<pt:namespace pt:token="$$TOKEN$$" 
xmlns:pt='http://www.plumtree.com/xmlschemas/ptui/'/> <script> alert("Portlet $$TOKEN$$ will magically disappear!"); document.getElementById('pt-portlet-$$TOKEN$$').style.display = 'none'; </script> <link type="text/css"
href="pt://images/plumtree/ptanalytics/private/css/colossus-en.css"
rel="StyleSheet" lang="en" ></link>
For demonstration purposes, that code includes an alert line that will cause the portlet to first notify you that it's really live on the page and then after you acknowledge it, it disappears. You will most likely want to customize the alert message by deleting it :-P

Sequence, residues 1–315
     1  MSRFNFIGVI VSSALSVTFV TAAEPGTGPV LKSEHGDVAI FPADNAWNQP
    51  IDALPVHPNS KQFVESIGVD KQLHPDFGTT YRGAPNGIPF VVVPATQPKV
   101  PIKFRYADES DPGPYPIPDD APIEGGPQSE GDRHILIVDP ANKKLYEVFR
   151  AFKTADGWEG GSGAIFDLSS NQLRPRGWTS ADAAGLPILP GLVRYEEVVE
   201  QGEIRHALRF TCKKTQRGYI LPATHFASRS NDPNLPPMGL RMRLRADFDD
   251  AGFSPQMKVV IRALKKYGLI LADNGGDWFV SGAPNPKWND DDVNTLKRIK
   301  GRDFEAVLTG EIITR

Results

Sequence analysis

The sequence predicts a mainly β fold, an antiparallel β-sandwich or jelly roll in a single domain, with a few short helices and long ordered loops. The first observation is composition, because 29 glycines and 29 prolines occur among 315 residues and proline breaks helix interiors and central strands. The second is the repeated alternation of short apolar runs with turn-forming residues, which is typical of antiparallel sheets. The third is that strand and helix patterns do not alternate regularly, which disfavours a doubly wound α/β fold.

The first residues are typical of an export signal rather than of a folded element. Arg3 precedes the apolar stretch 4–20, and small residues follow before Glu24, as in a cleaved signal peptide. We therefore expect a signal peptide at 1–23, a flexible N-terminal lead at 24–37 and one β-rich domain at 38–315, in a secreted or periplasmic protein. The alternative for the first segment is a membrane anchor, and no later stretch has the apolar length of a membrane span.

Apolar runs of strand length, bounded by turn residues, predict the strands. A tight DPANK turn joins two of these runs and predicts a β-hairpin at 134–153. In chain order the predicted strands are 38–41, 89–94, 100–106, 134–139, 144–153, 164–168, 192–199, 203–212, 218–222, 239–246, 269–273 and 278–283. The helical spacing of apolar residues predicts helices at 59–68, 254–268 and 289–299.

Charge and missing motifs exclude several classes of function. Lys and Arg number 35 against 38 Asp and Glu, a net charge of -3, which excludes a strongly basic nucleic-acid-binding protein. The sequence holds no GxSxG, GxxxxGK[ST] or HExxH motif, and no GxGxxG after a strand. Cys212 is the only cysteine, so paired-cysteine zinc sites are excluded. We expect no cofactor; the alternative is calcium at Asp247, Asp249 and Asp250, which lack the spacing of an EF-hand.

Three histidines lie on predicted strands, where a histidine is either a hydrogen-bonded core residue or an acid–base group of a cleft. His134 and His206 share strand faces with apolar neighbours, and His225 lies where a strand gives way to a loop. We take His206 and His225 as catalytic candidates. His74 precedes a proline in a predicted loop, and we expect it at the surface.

The code is live on this web server, so you can load it into your portal for a look if you'd like. Find it at http://blog.billbenac.com/code/disappearing.portlet.html.

Enjoy!

Update: A Better Approach

Thanks to Steve who pointed out a better way of getting the result I described above. He suggested setting the display to none in CSS directly rather than through JavaScript. That approach would look like this:

<pt:namespace pt:token="$$TOKEN$$" 
xmlns:pt='http://www.plumtree.com/xmlschemas/ptui/'/>

Portlet $$TOKEN$$ should be invisible through CSS.

<style>
#pt-portlet-$$TOKEN$$ { display:none; }
</style>